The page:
Wednesday, June 16, 2010

Despite Recession, Income & Wealth Inequality Growing

Prior to the 2008 financial crash and subsequent recession, income inequality in the US had reached highs not seen since the run-up to the Great Depression.

And yet, since the stock market has recovered much more quickly than the broader economy, the situation has actually gotten worse.

Even though the stock market slumped into early last year, the Dow Jones industrials gained 19% over the course of 2009. And because the rich own a significantly larger potion of all assets, they have enjoyed a nice wealth rebound the rest of the country hasn't.

As a result, the millionaire class now holds a larger percentage of the country's wealth than it did in 2007.

According to data just released by Boston Consulting Group, the number of US households with at least $1 million in "bankable" assets climbed 15% last year to 4.7 million, after tumbling 21% in 2008.

And the percentage of total wealth held by those households increased slightly from 2007 -2009, to 55%, according to the consulting firm.

The middle class relies on home values for a larger slice of family wealth, yet the Federal Reserve reported that the net value of real estate owned by US households fell again in the first three months of this year, after sinking a total of $7.7 trillion from 2007-09.

Despite the declines in home equity, the stock market rebound was so great that Americans' collective net worth still managed to grow 4.3% last year and 2% in the first quarter of 2010, the Fed reported.

The middle class clearly hasn't noticed.

Incredibly, instead of reducing income inequality, the Great Recession has actually worsened a problem that's been growing for more than 30 years.

According to Lawrence R. Mishel and David M. Frankel (The State of Working America), in 1973 the median male weekly wage was $486.10. Corrected for inflation, that is $2,361.45 in 2009 dollars, or $122,795.40 annually. In its report entitled "Usual Weekly Earnings of Wage and Salary Workers: Second Quarter 2009", the Bureau of Labor Statistics reported that the median male weekly wage is now $815, or $42,380 annually.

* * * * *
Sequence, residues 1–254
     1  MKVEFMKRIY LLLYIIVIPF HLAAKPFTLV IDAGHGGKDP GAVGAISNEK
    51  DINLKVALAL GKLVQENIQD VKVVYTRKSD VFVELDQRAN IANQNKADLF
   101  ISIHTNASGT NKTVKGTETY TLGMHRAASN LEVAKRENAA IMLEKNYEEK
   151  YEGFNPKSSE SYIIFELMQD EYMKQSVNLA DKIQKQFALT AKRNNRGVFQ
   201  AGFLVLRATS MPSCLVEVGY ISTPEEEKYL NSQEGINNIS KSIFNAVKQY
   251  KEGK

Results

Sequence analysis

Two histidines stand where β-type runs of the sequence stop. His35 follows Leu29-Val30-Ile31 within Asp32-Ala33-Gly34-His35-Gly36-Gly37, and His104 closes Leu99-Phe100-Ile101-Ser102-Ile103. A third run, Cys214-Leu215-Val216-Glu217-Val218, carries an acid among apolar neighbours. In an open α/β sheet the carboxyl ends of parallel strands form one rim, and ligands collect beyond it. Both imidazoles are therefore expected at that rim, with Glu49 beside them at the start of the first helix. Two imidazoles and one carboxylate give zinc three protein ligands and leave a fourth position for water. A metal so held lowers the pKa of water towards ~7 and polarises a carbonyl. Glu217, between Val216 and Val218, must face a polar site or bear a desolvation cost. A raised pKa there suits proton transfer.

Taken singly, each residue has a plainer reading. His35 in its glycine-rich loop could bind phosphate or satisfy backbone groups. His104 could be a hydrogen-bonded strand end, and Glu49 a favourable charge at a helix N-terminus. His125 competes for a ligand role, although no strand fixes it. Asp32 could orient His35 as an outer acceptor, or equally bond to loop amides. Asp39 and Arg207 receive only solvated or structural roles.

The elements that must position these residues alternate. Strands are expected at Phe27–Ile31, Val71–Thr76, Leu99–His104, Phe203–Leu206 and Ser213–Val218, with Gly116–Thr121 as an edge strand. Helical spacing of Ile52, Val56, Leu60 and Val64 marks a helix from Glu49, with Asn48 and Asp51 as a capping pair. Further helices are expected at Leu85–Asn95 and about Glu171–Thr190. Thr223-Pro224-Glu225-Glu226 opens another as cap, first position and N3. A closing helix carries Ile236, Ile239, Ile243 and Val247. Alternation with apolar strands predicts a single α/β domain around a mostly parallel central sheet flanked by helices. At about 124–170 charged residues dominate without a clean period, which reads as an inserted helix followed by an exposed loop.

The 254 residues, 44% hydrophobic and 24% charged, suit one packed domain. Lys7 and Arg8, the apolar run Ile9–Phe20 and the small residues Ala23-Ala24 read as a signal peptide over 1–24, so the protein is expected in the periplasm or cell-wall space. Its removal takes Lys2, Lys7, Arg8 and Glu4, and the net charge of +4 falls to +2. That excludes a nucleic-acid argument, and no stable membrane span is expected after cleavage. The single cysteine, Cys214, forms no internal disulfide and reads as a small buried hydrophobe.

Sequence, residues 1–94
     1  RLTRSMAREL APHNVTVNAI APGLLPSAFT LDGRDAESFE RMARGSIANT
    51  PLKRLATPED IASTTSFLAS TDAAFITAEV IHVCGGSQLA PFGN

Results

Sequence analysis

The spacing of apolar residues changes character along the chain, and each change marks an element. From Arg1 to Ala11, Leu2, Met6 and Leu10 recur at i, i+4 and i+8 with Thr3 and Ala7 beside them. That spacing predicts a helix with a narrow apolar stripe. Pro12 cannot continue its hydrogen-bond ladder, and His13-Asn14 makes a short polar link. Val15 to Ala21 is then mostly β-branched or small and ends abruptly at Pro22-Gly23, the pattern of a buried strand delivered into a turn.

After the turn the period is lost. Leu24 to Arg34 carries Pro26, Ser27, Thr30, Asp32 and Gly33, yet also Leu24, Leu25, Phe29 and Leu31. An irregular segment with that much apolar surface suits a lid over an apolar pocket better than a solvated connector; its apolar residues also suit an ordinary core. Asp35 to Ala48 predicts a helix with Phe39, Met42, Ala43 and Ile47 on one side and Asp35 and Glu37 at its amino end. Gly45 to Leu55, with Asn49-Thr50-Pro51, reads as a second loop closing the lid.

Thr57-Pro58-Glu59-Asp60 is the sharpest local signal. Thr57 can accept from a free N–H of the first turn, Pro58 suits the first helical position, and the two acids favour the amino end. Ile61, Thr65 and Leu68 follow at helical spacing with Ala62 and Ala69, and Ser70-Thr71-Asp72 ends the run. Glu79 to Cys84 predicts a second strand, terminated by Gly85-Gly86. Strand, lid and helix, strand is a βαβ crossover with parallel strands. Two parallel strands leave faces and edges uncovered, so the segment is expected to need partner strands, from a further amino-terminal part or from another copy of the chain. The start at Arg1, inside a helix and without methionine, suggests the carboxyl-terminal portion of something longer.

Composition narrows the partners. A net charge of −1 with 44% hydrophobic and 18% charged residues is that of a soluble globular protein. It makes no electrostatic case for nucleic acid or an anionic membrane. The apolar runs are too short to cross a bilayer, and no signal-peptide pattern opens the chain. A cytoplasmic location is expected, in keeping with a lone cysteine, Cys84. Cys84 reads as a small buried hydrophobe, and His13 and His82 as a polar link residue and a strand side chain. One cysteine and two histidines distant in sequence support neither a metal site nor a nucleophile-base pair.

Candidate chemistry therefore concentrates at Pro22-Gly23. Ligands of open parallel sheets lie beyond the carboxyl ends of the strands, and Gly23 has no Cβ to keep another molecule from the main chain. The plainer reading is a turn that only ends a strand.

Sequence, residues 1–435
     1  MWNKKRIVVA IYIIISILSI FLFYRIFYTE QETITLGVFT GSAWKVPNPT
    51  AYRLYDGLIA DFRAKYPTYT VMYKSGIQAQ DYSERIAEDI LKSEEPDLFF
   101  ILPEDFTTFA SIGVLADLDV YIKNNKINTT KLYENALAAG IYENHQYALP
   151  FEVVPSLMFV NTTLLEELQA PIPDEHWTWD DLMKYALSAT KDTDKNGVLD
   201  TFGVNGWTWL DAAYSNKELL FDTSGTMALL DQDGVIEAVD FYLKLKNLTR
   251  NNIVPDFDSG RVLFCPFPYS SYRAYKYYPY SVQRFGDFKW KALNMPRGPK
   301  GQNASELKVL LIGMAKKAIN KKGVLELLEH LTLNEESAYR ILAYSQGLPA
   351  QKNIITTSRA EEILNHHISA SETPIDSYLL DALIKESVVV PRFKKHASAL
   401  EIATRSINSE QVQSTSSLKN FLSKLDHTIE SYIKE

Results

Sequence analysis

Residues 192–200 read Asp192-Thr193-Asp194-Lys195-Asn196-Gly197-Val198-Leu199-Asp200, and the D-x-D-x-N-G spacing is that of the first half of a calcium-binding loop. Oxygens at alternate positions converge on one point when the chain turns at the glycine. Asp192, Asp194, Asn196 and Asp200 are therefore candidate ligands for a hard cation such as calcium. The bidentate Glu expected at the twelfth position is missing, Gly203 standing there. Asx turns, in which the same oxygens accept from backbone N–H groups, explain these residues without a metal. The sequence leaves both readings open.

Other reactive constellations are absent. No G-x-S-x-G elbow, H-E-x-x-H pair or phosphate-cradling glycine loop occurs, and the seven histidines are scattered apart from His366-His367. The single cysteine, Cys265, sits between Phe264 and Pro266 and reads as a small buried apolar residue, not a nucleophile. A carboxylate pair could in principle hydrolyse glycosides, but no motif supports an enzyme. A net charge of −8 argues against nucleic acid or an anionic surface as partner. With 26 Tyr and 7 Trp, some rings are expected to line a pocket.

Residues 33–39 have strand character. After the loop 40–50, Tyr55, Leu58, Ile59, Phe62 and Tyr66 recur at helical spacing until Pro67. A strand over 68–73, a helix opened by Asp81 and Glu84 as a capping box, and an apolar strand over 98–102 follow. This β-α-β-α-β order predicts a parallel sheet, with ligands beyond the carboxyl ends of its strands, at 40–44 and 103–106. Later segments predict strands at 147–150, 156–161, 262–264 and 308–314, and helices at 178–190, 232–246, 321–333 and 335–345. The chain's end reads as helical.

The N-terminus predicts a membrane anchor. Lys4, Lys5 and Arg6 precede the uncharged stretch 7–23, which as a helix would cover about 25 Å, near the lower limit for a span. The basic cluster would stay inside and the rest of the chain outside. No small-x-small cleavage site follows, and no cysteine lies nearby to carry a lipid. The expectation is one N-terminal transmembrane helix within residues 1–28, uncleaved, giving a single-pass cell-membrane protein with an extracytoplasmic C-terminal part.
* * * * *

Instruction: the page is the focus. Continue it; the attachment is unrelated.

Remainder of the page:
So, there's been a nearly two-thirds reduction in male wages. Inexpensive debt had previously concealed some of the ramifications of that collapse in real wages. That reality can no longer be hidden.

These findings are not unique.

According to the CIA World Factbook, since 1975, practically all the gains in US household income have gone to the top 20% of households.

In the fall of 2008, Time Magazine reported that the bottom 99% of American wage earners experienced a growth in real average income of just 8% since 1980, while that of the top 1% jumped 177%.

The surprising fact isn't that the rich are so rich; it's that a substantial portion of Americans are quite poor, while many others are part of the middle class only by a very slim margin.

According to an analysis of wage data by Pulitzer Prize Winner David Cay Johnston, 33% of US workers make less than $15,000 annually, and 76% make less than $50,000 annually. Johnston says that roughly half of American workers make less than $500 per week. This supports the contention that the middle class is vanishing.

This is not the sort of equality or equal opportunity generally associated with the US. Perhaps we imagine this inequality taking place in other nations, but not here.

The 30-nation Organization for Economic Cooperation and Development (OECD) released a report on income distribution and poverty in October 2008. The report highlighted global gaps between rich and poor. Guess what great industrialized nation had the fourth highest inequality in incomes, followed by Mexico, Turkey and Portugal? Disturbingly, it was the US.

The report stated, "Rich households in America have been leaving both middle and poorer income groups behind. This has happened in many countries, but nowhere has this trend been so stark as in the United States."

So the wealth has not been getting spread around, as some contend; it's been going in one direction — up.

The thing that masked this polarization was the massive expansion of consumer credit in the last decade.

In 2007, consumer debt came to equal gross domestic product, meaning that Americans owed as much as our entire economy was worth. And by 2008, household debt had reached $14.5 trillion, actually exceeding our $14.2 trillion GDP.

To make up for decades of stagnant wages, and to perpetuate our continual-growth economy, lending practices were loosened and credit was made cheap and easy. People were made to feel affluent with money they didn't really have, but would eventually need to pay back – with interest.

This is how the masses, the common folk, were allowed to participate in our consumption economy along with the truly affluent. It was simply an illusion of wealth for millions, an illusion rooted in debt.

Unfortunately, millions of Americans — ostensibly part of the middle class — are now paying the costs of their indebtedness through a decreased standard of living.

Wealth and income inequality are resulting in a very big difference in the way the Great Recession is being felt and experienced by the vast majority of Americans. For most, further indebtedness is either unwanted or unattainable, and the new reality is unaffordable.

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